Offered in various colors in adult and kid sizes, every version of the Yeezy x Gap Perfect Hoodie appears on the Gap website to be either sold out or on back order. Gap did not respond to CBS MoneyWatch’s request for comment about the item’s availability on Thursday. The hoodies, which sell for $90, mark the second time the rapper-and-fashion designer has unveiled clothing at Gap.
West, known for rap songs such as “Gold Digger” and “Stronger” as well as having been married to Kim Kardashian, unveiled the first item under a 10-year, multibillion dollar clothing partnership he signed with Gap in June. Called simply “Round Jacket” the blue puffer jacket, made of recycled nylon and priced at $200, also sold out just hours after its release, according to CNBC.
Gap, which suffered through a sales slump during the pandemic, had about 3,100 company-operated stores and 615 franchise stores as of March. The company reported $4.2 billion in revenue as of August.
In a press release this summer announcing its clothing collaboration with West, Gap described the new Yeezy line as designed to “deliver modern, elevated basics for men, women and kids at accessible price points.”
Under the partnership, West will receive royalties and possibly Gap stock based on how well Yeezy items sell, The New York Times reported. Neither West nor the Gap have revealed when a third product will become available from Yeezy x Gap.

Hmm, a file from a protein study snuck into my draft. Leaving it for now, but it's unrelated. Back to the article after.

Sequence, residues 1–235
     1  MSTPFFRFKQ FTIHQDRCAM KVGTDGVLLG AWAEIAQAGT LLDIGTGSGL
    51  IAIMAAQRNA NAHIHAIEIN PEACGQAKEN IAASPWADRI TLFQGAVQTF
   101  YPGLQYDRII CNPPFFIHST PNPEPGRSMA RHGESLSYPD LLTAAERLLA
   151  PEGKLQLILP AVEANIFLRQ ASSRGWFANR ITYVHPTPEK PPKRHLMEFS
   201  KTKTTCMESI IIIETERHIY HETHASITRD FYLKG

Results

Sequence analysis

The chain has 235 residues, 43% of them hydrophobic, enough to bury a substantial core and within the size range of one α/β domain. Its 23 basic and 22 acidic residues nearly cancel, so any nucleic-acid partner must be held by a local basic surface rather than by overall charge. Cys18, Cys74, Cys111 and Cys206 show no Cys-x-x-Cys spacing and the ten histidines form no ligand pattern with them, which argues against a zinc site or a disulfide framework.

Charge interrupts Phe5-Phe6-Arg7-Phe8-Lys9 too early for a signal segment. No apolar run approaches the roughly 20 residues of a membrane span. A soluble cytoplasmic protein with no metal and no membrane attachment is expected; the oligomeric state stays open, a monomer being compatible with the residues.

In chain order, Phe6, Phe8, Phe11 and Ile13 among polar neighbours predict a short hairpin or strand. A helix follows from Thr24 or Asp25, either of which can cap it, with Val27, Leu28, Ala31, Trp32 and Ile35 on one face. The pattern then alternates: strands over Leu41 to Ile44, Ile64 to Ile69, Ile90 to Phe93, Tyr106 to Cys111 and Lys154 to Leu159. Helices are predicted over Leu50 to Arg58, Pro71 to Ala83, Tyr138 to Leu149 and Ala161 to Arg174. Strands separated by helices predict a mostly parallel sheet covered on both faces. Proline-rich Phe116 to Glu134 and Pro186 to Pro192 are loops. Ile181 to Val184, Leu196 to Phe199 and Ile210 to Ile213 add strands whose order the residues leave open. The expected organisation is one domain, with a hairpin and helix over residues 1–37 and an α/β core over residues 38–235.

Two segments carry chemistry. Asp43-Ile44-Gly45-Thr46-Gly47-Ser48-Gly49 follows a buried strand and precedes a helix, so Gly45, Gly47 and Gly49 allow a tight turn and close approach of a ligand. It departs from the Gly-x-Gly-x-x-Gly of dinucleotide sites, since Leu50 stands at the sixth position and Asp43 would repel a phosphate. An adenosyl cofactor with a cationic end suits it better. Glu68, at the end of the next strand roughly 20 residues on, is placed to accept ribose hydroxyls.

West, 44, worked for the Gap in Chicago as a teenager, which he mentions in his 2004 song “Spaceship.”
In March, told BET News that he was $53 million in debt.Black American, according to Bloomberg, which estimated his net worth at well beyond $6 billion. That figure includes West’s Yeezy clothing line and shoe deal with Adidas and Gap, which investment bank UBS valued at $3.2 billion to $4.7 billion. It marks a far cry from 2016, when the artist
West talked about the significance of sweatshirts in fashion in an interview with Vanity Fair in 2015, years before the coronavirus pandemic would make sweatshirts and sweatpants the unofficial .
“I think sweatshirts are the way of the future,” he said. “And we worked so hard on our development of our actual sweatshirts to make them fall a certain way, the dyeing that we do, the type of washing where we take a thicker Japanese stretch French terry and wash it down to where it keeps its original qualities but then feels so thin.”
Khristopher J. Brooks is a reporter and video editor for CBS MoneyWatch covering business, consumer and financial stories that range from economic inequality and housing issues to bankruptcies and the business of sports. Brooks has covered business and economic development for the Rochester Democrat and Chronicle and the Bristol Herald Courier. He also covered higher education for the Omaha World-Herald, the Florida Times-Union and The Ledger in Lakeland, Florida.